GWU Law professor Orin Kerr, the one who got the ball rolling on this discussion, notes that Crawford’s story has details “only the justices and their clerks would likely know.”

“The leaks go into what the justices were thinking and what signal they meant to send with their actions,” he argues (and provides evidence – but you should read the story because there’s plenty). “Further, I doubt Crawford would run with a story with that kind of detail that was sourced less directly. So my best guess would be that the two sources she relies on are from the among the justices and their clerks.”

But Kerr rules out the clerks, simply because a clerk would be “crazy” to leak. “A clerk who leaked this and is identified has likely made a career-ending move. … Even assuming a clerk or two was so extraordinarily dismissive of the confidentiality rules to leak this, it would be nuts to leak over the weekend when you have to show up at the court for work tomorrow.”

Then law professor Paul Campos wrote this piece for Salon.com suggesting that there us strong evidence that Roberts penned both decisions:

It’s notable that Crawford’s sources insist on the claim that the joint dissent was authored specifically in response to Roberts’ majority opinion, without any participation from him at any point in the drafting process that created it. It would, after all, be fairly preposterous for the four dissenters to jointly “author” an opinion that was in large part written originally by the author of the majority opinion to which the joint dissenters were now so flamboyantly objecting.

Yet that, I am told by a source within the court with direct knowledge of the drafting process, is exactly what happened. My source insists that “most of the material in the first three quarters of the joint dissent was drafted in Chief Justice Roberts’ chambers in April and May.” Only the last portion of what eventually became the joint dissent was drafted without any participation by the chief justice.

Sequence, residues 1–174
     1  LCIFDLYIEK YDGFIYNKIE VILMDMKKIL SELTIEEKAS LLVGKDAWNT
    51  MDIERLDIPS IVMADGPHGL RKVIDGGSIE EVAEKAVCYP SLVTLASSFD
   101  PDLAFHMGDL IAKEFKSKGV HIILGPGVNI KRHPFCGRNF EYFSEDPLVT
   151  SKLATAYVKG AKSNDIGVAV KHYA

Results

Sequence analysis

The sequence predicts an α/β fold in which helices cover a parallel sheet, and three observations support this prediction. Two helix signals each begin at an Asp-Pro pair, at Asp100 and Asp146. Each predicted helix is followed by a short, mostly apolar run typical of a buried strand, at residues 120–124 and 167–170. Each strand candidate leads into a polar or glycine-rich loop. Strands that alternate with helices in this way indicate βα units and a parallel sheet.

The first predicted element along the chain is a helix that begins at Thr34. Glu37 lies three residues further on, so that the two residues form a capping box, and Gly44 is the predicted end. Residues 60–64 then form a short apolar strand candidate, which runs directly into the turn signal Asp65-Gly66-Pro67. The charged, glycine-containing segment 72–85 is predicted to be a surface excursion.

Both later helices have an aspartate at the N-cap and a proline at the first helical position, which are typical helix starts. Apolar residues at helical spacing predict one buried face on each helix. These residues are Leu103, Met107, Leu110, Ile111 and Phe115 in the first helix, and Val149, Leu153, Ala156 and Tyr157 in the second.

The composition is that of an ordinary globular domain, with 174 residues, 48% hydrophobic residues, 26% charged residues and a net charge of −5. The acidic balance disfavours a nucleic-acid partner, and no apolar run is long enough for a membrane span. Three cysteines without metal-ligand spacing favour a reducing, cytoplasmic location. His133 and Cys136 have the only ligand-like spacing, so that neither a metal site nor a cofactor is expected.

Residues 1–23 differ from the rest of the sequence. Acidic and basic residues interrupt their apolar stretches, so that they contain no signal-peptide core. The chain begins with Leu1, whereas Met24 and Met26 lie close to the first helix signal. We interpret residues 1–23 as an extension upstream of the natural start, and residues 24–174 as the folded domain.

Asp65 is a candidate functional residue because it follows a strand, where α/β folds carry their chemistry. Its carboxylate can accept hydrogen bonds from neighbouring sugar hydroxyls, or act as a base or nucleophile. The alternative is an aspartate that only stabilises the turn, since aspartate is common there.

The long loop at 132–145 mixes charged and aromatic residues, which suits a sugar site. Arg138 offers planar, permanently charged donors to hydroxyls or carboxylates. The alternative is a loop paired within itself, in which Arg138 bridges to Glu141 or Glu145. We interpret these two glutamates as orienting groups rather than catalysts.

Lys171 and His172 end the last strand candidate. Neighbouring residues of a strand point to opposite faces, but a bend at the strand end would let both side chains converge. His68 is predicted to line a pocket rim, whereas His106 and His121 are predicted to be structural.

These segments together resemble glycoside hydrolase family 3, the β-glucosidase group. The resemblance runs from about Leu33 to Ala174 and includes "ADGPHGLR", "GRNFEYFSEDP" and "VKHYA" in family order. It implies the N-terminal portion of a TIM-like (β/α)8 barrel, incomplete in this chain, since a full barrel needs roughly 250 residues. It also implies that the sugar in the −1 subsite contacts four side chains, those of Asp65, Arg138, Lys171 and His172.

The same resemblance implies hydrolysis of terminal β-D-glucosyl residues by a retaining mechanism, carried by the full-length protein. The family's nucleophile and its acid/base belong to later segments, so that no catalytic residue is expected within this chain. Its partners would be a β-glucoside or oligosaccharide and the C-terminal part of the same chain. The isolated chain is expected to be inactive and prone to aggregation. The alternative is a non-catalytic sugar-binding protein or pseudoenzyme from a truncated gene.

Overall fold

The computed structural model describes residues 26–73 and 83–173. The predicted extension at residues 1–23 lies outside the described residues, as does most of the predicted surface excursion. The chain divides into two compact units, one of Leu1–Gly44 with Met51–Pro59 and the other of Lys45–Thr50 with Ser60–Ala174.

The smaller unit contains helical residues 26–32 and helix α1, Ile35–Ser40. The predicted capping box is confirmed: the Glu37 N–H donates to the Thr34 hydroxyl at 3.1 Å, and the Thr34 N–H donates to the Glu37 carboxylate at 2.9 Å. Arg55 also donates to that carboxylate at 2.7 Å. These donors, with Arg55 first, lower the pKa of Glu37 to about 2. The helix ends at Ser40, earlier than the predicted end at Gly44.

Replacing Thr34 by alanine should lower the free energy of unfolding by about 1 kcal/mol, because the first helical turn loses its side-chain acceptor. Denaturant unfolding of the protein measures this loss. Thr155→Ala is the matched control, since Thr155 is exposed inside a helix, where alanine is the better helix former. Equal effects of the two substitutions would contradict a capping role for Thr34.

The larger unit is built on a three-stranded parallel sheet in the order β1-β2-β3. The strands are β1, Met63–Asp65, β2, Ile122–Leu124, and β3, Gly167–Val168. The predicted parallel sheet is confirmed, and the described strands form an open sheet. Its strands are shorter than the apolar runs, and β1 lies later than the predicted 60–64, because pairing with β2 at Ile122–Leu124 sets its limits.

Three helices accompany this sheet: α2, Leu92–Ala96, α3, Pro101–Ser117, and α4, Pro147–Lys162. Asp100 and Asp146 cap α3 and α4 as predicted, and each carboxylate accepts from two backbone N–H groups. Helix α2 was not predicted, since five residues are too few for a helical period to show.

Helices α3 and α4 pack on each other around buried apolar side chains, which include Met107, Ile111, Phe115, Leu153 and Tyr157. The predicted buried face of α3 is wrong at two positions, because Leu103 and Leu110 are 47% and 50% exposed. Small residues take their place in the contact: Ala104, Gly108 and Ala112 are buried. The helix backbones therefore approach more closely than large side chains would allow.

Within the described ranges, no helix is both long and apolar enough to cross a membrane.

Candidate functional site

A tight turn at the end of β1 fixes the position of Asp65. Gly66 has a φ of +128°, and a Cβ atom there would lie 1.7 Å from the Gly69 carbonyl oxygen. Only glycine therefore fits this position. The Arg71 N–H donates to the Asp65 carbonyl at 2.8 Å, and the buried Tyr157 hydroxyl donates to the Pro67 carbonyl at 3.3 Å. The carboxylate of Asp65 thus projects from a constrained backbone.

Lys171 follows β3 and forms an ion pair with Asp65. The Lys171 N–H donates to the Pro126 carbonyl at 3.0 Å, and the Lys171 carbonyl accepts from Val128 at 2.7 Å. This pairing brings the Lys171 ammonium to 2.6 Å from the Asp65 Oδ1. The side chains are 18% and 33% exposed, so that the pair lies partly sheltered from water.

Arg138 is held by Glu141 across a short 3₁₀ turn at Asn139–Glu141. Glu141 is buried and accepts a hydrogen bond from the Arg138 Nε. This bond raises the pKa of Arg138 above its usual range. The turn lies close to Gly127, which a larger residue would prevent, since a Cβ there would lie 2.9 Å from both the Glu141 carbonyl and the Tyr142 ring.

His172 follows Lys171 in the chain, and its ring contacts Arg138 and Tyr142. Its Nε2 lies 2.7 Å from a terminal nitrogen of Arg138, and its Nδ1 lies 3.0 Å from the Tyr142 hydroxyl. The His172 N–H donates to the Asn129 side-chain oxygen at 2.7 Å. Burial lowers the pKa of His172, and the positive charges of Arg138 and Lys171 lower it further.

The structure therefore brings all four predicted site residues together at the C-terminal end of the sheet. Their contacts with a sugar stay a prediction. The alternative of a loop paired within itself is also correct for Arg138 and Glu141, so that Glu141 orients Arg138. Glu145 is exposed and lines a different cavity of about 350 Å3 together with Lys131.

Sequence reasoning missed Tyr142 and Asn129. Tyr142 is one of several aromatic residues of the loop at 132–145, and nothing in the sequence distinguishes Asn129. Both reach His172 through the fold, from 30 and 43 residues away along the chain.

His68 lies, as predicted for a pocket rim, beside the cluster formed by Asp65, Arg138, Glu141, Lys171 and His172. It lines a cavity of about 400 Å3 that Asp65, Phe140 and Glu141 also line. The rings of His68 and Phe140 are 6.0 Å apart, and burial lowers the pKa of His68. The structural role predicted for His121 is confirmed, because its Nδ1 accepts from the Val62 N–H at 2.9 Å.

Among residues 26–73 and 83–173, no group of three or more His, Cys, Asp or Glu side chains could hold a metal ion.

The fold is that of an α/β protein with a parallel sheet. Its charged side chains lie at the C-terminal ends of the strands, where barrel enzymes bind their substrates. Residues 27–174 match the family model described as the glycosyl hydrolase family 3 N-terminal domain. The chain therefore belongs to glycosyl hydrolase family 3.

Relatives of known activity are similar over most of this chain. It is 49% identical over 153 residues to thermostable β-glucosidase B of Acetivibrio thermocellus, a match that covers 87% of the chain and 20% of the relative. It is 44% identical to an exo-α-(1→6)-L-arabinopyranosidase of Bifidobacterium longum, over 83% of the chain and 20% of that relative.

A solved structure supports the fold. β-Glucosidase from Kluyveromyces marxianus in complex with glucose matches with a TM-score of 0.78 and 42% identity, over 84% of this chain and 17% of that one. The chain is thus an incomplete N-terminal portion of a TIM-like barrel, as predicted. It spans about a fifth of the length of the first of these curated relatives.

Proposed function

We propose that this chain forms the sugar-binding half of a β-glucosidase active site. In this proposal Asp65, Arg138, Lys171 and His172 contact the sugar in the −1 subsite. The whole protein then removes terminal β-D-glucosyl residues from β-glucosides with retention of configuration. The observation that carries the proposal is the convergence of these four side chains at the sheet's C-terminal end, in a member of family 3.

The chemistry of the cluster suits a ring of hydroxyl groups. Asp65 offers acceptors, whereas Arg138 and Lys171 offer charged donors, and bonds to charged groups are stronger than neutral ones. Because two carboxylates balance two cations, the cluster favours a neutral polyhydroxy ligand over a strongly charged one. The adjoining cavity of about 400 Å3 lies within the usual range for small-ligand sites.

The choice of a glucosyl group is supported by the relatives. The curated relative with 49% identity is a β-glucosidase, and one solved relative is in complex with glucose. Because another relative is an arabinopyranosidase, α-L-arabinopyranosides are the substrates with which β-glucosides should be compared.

This source insists that the claim that the joint dissent was drafted from scratch in June is flatly untrue. Furthermore, the source characterizes claims by Crawford’s sources that “the fact that the joint dissent doesn’t mention [sic] Roberts’ majority …  was a signal the conservatives no longer wished to engage in debate with him” as “pure propagandistic spin,” meant to explain away the awkward fact that while the first 46 pages of the joint dissent never even mention Roberts’ opinion for the court (this is surely the first time in the court’s history that a dissent has gone on for 13,000 words before getting around to mentioning that it is, in fact, dissenting), the last 19 pages do so repeatedly.

University of Colorado law professor Paul Campos broke the news on the Last Word that, according to his sources inside the Supreme Court, Chief Justice John Roberts wrote both opinions in the case involving President Obama’s health care reform law. MSNBC host Lawrence O’Donnell is rejoined by Prof. Campos and author Glenn Greenwald to take about the leaks, Roberts’ vote and what it say about the institution of the Supreme Court.

So the right is flipping out because Roberts voted with the “liberal” justices to uphold the law based on a twisted view that the penalty for not buying health care insurance is a tax. The so-called “left” is cheering but totally misses the long term problems this ruling has created. I still say the “leaks and who did the leaking” is a tempest in a tea pot that is distracting from the main issue that this country needs universal health care.

1 comment

  1. TMC